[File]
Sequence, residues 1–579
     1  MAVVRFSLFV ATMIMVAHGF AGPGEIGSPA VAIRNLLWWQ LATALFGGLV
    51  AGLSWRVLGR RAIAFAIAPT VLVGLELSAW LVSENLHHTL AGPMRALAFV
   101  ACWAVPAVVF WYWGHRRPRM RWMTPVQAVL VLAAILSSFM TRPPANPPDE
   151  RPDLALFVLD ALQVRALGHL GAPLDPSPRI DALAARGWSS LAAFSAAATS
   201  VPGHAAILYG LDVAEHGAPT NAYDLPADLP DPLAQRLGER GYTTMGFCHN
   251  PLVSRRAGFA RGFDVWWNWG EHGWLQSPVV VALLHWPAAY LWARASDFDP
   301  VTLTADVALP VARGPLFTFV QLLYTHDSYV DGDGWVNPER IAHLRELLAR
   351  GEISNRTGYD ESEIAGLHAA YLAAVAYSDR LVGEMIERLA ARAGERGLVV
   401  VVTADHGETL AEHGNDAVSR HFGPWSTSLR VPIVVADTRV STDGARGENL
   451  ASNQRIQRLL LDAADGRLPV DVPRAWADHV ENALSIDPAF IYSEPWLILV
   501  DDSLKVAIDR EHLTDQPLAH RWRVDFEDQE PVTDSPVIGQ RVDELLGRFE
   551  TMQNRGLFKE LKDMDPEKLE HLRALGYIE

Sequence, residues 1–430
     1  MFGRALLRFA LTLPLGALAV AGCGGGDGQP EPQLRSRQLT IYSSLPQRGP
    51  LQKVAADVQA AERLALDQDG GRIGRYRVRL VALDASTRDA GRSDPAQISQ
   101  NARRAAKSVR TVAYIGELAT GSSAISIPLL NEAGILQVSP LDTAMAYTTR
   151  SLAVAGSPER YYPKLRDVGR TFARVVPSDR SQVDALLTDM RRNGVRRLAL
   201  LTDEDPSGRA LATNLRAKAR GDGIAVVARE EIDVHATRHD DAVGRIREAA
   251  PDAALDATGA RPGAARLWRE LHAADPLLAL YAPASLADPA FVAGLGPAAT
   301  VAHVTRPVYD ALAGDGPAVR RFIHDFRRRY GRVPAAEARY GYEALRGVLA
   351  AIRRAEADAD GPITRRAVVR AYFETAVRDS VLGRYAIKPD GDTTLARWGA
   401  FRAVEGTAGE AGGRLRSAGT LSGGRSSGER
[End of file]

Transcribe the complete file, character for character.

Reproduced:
Sequence, residues 1–579
     1  MAVVRFSLFV ATMIMVAHGF AGPGEIGSPA VAIRNLLWWQ LATALFGGLV
    51  AGLSWRVLGR RAIAFAIAPT VLVGLELSAW LVSENLHHTL AGPMRALAFV
   101  ACWAVPAVVF WYWGHRRPRM RWMTPVQAVL VLAAILSSFM TRPPANPPDE
   151  RPDLALFVLD ALQVRALGHL GAPLDPSPRI DALAARGWSS LAAFSAAATS
   201  VPGHAAILYG LDVAEHGAPT NAYDLPADLP DPLAQRLGER GYTTMGFCHN
   251  PLVSRRAGFA RGFDVWWNWG EHGWLQSPVV VALLHWPAAY LWARASDFDP
   301  VTLTADVALP VARGPLFTFV QLLYTHDSYV DGDGWVNPER IAHLRELLAR
   351  GEISNRTGYD ESEIAGLHAA YLAAVAYSDR LVGEMIERLA ARAGERGLVV
   401  VVTADHGETL AEHGNDAVSR HFGPWSTSLR VPIVVADTRV STDGARGENL
   451  ASNQRIQRLL LDAADGRLPV DVPRAWADHV ENALSIDPAF IYSEPWLILV
   501  DDSLKVAIDR EHLTDQPLAH RWRVDFEDQE PVTDSPVIGQ RVDELLGRFE
   551  TMQNRGLFKE LKDMDPEKLE HLRALGYIE

Sequence, residues 1–430
     1  MFGRALLRFA LTLPLGALAV AGCGGGDGQP EPQLRSRQLT IYSSLPQRGP
    51  LQKVAADVQA AERLALDQDG GRIGRYRVRL VALDASTRDA GRSDPAQISQ
   101  NARRAAKSVR TVAYIGELAT GSSAISIPLL NEAGILQVSP LDTAMAYTTR
   151  SLAVAGSPER YYPKLRDVGR TFARVVPSDR SQVDALLTDM RRNGVRRLAL
   201  LTDEDPSGRA LATNLRAKAR GDGIAVVARE EIDVHATRHD DAVGRIREAA
   251  PDAALDATGA RPGAARLWRE LHAADPLLAL YAPASLADPA FVAGLGPAAT
   301  VAHVTRPVYD ALAGDGPAVR RFIHDFRRRY GRVPAAEARY GYEALRGVLA
   351  AIRRAEADAD GPITRRAVVR AYFETAVRDS VLGRYAIKPD GDTTLARWGA
   401  FRAVEGTAGE AGGRLRSAGT LSGGRSSGER